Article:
Perl vs. Python

So here’s a blog post that NOBODY will want to read (or at least, none of the people who typically read my posts). The handful of people who would be interested don’t even know about my blog. So, in some sense, this post is just for me.

On the off chance that you’re still reading, I’ll add some background so if you DO choose to read this post, at least you’ll some chance of understanding it.

Back in the 1980’s, my best friend taught me to program. He taught me in a computer language named BASIC, and I really enjoyed it. When I went to college, I took several computer science classes and learned to program in Fortran (which I later used a great deal), Pascal (which I liked a lot, but never was in a position to use), COBOL (which I abandoned immediately after the class was over), and assembly language.

I started programming a lot, primarily for fun, and learned lisp (I became fluent in two different dialects of lisp), and a little prolog and ADA (just playing around with these).

Later, in graduate school, my research in theoretical chemistry allowed me to become proficient in Fortran. I didn’t really care for the language, but it was the one in use, so I got a lot of experience using it. At the same time that I was studying chemistry, I was also working as a system administrator in our research group. This led me to learn two scripting languages: bash and perl. I also had a small side job where I learned C. A few years later, I added ruby (to a small degree) and PHP (extensively). I’ve also used java, javascript, and python, though not to a huge extent.

Learning all of these languages, even though most of them I never became truly proficient in, has given me a pretty broad AND deep understanding of programming. I’ve been completely proficient in several languages: Basic, Fortran, lisp, bash, perl, C, and PHP. By proficient, I mean that I have written many thousands of lines in each, and at the time, I was fluent with the syntax. Although I have moved on from most of these (and I would no longer consider myself fluent in the syntax), I remain proficient in bash and perl.

One side effect of having learned so many languages is that I am able to sit down and read code in pretty much any language, even ones that I have not seen before. On numerous occasions, I have debugged programs or written extensions to programs in languages that I was not proficient in. I may have to refer to a language reference to figure out exactly how to say something in that language, but I understand WHAT I need to say, so it’s just a matter of looking it up in a reference book to see how to say it in that particular language.

Now, even though I could program in any language that I want (and I could become proficient very quickly), I have a definite favorite language: perl. I’ve been programming in perl since around 1990. It was the language du jour for computer systems programmers, and became very popular. It remained on top for quite a while, until the language Python came along, and after a few years, Python became the most popular language in that niche. Although perl has not gone away, python has become so dominant that I have been asked several times if I would switch to python. My answer has always been no, so I want to record my justification.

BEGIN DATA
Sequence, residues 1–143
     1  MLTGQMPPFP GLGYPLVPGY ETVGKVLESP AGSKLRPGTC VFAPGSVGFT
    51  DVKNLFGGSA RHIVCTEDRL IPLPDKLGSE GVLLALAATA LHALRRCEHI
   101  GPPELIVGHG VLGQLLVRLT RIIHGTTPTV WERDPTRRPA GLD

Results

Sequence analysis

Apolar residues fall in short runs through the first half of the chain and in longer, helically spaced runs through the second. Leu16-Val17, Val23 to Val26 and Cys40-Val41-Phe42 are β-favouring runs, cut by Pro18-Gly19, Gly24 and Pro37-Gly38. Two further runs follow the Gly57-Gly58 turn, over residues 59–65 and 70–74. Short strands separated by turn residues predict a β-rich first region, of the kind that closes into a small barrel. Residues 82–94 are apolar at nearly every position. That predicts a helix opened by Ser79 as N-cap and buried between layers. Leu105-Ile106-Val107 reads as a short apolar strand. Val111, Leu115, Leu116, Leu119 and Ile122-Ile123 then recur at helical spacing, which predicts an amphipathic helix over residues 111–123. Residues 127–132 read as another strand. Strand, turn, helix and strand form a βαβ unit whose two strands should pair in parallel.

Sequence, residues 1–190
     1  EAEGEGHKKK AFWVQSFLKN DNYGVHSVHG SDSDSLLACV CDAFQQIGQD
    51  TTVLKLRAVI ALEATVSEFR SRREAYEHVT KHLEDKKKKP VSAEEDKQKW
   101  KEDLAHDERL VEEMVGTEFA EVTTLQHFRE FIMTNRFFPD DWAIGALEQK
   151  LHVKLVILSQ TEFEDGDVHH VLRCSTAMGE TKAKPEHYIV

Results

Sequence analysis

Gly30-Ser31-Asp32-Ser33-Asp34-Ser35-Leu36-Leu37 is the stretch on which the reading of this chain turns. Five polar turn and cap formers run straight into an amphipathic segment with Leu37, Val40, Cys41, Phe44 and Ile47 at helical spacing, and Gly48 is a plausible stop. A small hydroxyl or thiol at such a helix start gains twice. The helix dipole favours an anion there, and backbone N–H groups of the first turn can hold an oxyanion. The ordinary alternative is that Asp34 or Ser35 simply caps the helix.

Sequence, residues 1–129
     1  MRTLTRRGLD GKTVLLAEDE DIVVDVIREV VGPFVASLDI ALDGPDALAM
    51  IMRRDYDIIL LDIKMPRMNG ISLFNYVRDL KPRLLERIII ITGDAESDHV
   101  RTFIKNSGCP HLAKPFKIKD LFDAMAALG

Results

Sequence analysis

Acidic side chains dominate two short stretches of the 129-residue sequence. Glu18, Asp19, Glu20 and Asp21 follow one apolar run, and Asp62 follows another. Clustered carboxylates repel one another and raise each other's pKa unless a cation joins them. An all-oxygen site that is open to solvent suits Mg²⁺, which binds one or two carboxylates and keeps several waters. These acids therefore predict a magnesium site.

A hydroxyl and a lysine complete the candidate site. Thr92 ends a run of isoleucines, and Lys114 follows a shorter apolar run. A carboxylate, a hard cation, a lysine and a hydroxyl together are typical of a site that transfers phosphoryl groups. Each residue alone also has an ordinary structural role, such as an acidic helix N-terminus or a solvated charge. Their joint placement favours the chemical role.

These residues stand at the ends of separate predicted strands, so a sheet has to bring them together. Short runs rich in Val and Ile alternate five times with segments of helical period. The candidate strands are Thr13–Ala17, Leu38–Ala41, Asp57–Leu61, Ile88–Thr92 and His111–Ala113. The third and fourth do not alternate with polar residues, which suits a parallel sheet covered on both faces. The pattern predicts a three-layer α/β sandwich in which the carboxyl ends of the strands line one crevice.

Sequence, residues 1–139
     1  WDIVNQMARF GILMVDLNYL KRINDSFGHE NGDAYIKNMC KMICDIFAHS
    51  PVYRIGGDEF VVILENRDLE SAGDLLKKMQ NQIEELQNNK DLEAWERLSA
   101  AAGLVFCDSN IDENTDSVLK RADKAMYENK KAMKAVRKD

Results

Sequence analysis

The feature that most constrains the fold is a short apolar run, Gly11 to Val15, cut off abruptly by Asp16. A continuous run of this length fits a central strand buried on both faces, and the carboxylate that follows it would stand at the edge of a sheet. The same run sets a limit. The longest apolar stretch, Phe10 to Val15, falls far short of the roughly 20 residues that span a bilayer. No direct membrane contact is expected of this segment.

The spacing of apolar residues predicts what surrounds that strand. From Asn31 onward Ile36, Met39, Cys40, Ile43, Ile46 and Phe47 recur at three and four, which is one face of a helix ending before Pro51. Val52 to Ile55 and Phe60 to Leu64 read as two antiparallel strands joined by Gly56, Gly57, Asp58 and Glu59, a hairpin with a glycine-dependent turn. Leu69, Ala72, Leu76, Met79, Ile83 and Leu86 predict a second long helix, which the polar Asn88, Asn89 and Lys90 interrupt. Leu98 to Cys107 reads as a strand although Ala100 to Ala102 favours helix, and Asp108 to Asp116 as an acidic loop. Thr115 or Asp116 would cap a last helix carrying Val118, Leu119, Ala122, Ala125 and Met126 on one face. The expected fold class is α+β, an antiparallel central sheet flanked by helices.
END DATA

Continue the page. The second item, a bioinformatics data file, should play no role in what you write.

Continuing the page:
If you look up a comparison of perl vs. python, you generally get the following statements (plus or minus a few others):

  • both are high-level, general purpose scripting languages
  • python is simpler to read and easier to understand
  • python code block are marked with whitespace; perl’s are marked with braces {}
  • both have a large set of libraries and extensions
  • python’s Object-oriented support is better than perl’s

So,let me address each of these briefly.


The way that I like to think of a high-level language, is that it is less like a computer and more like a human.

When talking about how things are stored, computers think about bits and bytes, memory blocks, memory pointers, etc. These are concepts which are critical to how a computer ‘thinks’, but unrelated to how a human thinks. Humans would think about storing a date as a 4-digit year, a 2-digit month, and a 2-digit day. A low level description of these (which is how a computer would think of them) is 3 different integers, but the first would be a 2-byte integer (in order to cover numbers from 1-9999), and two bytes (which can each handle the 1-12 or 1-31 required to store a month or day).

When manipulating the data, the computer thinks about byte operations like addition, shifting, xor’ing, etc. Operations which (with the exception of addition) are very different than a human thinks of things. A human is going to think of things in a method more natural to the type of data. For example, you still might talk about addition when dealing with dates (i.e. what is the date if 5 days from now), but the operations are far more complex than simple addition.

The point is, both python and perl are high-level which makes them relatively easier for a human to think of than some of the lower level languages. Although I have programmed in lower level languages (such as assembly language, C, and Fortran), I definitely prefer the high-level languages. In this respect, to be honest, neither perl nor python has a compelling superiority over the other.


Here’s one difference that I am 95% in disagreement with. The statement is ‘python code is more readable than perl code’. Bulls***. Here’s the correct statement: readable code is more readable than unreadable code.

I have perl code that I wrote 30 years ago that I can still pick up and read. On the other hand, I’ve been given perl code that I literally could not understand at all despite being fluent in the language. On a few occasions, I have needed to read python code. Once, I got a python program that I wanted to modify. I looked at it, and it was beautiful. Clear, organized, etc. I easily made the modifications I needed. Another time, I was given a piece of python code to modify and it was so unreadable that I threw it away and rewrote it from scratch (in perl). The C programming language has the reputation for being extremely cryptic and hard to read due to it being a lower-level language, and I can confirm that I have picked up many pieces of C code which were cryptic I would have had to decipher every single line to determine what it was doing. However, several years ago, I looked at the C code for a program called postfix (which delivers a huge amount of the email that you read) written by a wonderful programmer named Weitse Venema which was so beautifully written it was like reading a story.